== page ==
The progressive system means you never have to turn the yoke hand over hand as you do in the Model S, which doesn’t employ a progressive turning system. When making low-speed U-turns and K-turns in the Model S, it’s necessary to turn the wheel more than 180 degrees, and until you’ve had practice, it’s cumbersome and can be dangerous in certain situations.
Lexus knows that not all of its customers are ready to transition to the Formula 1-style setup, so the steer-by-wire system will be an option on the RZ 450e. Interestingly, that option also moves the driver’s display 1.44 inches farther away and 1.5 inches higher than the display on vehicles that have the traditional steering wheel.
Range And Performance
The RZ 450e doesn’t have EPA range estimates but Lexus expects the vehicle to deliver a 225-mile driving range when equipped with the 18-inch wheels. Unsurprisingly, that’s similar to what Toyota is quoting for the all-wheel-drive version of the bZ4X. When fitted with the optional 20-inch wheels the estimated range drops to 200 miles.
We asked chief engineer Takashi Watanabe why Lexus decided on 225 miles of range when other premium EVs offer considerably more and he explained that Lexus believes that the RZ 450e offers “the best balance of weight, efficiency, and cost.”
The RZ 450e will initially only be available in a dual-motor, all-wheel-drive trim and boasts a 201-bhp (150-kilowatt) motor in the front and a 107-bhp (80-kW) motor to power the rear wheels. The combined output is 308 bhp (230 kW) and 321 lb-ft of torque. We asked Lexus about the possibility of a front-wheel-drive option (as the bZ4X offers), and company minders couldn’t confirm it… but they didn’t rule it out either.
Lexus calls the RZ450e’s all-wheel-drive system DIRECT4. The system makes use of a newly developed high-output electronic axle (eAxle) motor that continuously controls the power sent to all four wheels with a high degree of precision. DIRECT4 works according to the ground contact load of the vehicle regardless of road surface and driving conditions and is designed to achieve an optimal driving experience under a variety of different conditions.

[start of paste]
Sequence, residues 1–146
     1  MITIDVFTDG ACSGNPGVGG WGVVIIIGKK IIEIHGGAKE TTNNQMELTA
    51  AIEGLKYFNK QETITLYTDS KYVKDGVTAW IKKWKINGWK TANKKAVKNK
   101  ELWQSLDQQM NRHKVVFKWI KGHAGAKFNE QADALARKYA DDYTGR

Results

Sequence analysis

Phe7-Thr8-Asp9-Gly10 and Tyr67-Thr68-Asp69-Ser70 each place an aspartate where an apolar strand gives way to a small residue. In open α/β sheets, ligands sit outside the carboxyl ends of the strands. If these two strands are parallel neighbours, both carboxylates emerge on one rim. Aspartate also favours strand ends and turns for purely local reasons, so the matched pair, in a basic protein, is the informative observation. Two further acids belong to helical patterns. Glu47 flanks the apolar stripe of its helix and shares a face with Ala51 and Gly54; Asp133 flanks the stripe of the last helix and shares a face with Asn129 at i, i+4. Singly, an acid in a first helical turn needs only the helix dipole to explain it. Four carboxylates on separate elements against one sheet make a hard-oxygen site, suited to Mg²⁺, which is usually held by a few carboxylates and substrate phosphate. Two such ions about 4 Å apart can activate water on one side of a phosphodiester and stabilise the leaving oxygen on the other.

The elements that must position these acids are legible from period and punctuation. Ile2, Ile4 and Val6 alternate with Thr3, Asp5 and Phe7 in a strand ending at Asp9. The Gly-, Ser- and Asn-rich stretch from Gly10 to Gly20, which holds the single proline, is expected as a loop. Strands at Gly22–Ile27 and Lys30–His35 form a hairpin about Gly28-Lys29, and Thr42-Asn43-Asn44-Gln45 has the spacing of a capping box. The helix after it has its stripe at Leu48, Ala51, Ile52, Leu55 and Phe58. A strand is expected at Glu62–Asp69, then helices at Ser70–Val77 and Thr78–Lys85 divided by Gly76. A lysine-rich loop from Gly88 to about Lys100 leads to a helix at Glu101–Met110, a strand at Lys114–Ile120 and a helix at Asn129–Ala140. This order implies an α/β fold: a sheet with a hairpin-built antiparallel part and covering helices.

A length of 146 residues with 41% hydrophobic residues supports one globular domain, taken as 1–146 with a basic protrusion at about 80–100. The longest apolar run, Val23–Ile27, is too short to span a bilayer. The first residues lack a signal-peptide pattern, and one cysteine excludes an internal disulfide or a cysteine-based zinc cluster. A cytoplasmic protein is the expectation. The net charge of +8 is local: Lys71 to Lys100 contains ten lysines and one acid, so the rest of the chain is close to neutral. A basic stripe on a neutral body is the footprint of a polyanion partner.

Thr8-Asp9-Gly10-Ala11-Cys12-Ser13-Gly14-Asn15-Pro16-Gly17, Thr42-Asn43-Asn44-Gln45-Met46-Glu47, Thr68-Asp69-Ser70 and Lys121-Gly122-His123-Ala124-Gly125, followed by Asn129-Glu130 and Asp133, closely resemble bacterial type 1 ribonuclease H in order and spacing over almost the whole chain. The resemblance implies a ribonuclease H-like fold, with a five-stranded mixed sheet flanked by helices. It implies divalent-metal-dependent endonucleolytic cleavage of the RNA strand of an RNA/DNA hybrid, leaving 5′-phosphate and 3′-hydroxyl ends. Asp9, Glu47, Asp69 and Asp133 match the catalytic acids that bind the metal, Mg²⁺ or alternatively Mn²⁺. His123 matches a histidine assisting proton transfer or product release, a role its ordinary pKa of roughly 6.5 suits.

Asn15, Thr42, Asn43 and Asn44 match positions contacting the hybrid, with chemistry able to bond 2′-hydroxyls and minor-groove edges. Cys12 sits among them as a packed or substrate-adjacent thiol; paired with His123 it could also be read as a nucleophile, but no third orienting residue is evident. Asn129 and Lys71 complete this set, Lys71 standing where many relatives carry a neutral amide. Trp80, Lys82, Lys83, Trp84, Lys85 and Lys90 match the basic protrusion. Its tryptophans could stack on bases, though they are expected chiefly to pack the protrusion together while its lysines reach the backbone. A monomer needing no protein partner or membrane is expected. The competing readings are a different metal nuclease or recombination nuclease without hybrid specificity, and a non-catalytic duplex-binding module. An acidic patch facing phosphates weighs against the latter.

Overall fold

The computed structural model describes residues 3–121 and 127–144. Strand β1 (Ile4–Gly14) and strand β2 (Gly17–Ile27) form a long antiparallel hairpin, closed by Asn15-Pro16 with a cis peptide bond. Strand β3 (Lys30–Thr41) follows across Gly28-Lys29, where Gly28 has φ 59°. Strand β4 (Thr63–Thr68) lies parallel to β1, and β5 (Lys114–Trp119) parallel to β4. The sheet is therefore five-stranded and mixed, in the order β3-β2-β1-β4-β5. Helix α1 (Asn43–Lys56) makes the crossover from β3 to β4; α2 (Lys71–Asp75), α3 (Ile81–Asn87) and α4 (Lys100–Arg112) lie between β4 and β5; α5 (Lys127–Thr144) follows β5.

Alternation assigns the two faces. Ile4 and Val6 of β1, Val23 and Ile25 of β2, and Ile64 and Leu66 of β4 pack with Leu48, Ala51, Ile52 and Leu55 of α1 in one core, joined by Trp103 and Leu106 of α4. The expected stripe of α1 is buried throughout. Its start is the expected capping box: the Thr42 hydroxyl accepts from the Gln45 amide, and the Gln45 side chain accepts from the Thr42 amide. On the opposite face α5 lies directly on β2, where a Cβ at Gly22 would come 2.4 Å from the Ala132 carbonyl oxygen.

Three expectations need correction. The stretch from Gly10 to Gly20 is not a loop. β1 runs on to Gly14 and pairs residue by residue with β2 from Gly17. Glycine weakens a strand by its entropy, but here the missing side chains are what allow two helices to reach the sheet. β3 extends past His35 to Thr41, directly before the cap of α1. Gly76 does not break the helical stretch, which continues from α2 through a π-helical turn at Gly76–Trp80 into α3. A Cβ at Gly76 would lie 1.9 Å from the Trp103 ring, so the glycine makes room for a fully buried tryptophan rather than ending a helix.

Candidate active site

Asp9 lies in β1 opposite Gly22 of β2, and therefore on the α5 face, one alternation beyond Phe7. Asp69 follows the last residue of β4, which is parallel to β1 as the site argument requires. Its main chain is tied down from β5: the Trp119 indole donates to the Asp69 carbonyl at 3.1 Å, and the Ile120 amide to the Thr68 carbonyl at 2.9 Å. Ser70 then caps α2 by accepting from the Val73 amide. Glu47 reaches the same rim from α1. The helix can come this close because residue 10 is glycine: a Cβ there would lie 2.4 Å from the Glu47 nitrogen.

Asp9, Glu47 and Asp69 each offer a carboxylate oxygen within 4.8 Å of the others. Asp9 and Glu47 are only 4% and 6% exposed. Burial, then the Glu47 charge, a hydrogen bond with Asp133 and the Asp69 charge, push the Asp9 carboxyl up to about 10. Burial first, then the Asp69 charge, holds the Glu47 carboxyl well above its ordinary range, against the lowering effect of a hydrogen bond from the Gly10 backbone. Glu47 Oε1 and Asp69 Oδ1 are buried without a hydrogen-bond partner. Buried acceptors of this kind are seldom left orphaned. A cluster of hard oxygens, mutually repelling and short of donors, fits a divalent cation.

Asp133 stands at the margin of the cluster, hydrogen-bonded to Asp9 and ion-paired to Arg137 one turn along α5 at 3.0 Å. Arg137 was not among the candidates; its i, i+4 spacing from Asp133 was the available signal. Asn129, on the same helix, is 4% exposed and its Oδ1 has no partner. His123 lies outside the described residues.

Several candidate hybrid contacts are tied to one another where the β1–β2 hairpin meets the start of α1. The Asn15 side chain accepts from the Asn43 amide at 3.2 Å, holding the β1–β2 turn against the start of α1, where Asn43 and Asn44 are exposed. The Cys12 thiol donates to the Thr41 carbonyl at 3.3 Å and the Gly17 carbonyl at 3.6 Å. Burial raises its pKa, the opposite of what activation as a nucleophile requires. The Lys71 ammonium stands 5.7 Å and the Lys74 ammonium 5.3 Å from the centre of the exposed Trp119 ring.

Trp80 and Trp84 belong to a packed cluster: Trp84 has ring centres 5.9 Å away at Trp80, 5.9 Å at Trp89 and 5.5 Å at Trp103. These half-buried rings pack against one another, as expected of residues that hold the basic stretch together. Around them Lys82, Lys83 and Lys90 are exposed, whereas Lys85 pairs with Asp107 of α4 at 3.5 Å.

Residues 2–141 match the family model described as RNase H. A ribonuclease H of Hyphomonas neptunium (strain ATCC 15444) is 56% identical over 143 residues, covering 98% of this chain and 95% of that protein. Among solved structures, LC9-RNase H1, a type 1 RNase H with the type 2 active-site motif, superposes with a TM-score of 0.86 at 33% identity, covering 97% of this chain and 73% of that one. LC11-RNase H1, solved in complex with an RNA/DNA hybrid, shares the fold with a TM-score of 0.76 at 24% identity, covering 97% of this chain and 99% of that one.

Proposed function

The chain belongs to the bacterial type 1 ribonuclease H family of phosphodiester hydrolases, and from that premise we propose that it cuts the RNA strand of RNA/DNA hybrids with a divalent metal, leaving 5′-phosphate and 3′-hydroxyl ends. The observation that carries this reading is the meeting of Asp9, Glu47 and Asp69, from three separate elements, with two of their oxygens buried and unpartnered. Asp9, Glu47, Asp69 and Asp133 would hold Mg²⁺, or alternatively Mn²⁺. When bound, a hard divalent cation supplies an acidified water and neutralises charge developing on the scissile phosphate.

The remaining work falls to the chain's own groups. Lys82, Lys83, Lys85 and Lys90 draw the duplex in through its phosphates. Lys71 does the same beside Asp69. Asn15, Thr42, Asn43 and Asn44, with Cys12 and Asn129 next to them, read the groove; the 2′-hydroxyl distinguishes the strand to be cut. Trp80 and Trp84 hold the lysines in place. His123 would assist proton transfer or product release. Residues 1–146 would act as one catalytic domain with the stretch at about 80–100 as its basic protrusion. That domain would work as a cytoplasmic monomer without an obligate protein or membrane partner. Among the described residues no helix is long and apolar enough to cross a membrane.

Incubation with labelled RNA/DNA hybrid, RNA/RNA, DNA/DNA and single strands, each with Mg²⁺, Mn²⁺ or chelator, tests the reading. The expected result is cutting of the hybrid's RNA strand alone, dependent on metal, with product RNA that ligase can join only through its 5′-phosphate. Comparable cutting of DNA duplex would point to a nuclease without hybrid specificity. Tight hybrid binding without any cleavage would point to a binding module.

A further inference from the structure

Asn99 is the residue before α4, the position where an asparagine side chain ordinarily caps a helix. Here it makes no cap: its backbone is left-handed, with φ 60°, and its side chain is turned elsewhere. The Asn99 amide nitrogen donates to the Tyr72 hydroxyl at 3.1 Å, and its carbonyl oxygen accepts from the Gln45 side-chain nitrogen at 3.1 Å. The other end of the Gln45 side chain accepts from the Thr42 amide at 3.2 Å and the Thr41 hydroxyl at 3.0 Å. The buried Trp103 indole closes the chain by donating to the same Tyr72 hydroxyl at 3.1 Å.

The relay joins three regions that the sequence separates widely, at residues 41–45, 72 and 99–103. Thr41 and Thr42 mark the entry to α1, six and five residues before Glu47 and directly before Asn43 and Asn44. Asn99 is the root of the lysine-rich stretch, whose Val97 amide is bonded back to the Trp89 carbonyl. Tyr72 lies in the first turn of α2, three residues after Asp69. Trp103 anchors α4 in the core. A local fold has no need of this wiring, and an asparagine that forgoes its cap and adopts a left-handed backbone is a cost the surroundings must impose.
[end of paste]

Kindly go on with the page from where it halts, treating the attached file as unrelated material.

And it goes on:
With this test being so limited in duration and scope, it’s hard to give detailed impressions of how the system works, but I’m excited to get another run at it when the RZ is fully baked.
Charging Up And Slowing Down
The RZ 450e uses a 71.4-kilowatt-hour battery pack, and the battery cells are provided by Prime Planet Energy Solutions, a joint venture between Toyota and Panasonic. It's the same battery pack and cells as used in the front-wheel-drive bZ4X. However, the all-wheel-drive bZ4X uses battery cells supplied by the Chinese battery manufacturer, CATL.
We asked Watanabe about the charging times and were told the vehicle will have a maximum DC fast charge rate of 150 kW, and charge from zero to 80 percent in 30 minutes. We specifically asked if he meant 10 to 80 percent in 30 minutes, which is typically the charging segment that manufacturers highlight. But Watanabe reiterated that the vehicle will charge from zero to 80 percent in 30 minutes when plugged into a DC fast charging station that can deliver 150 kW.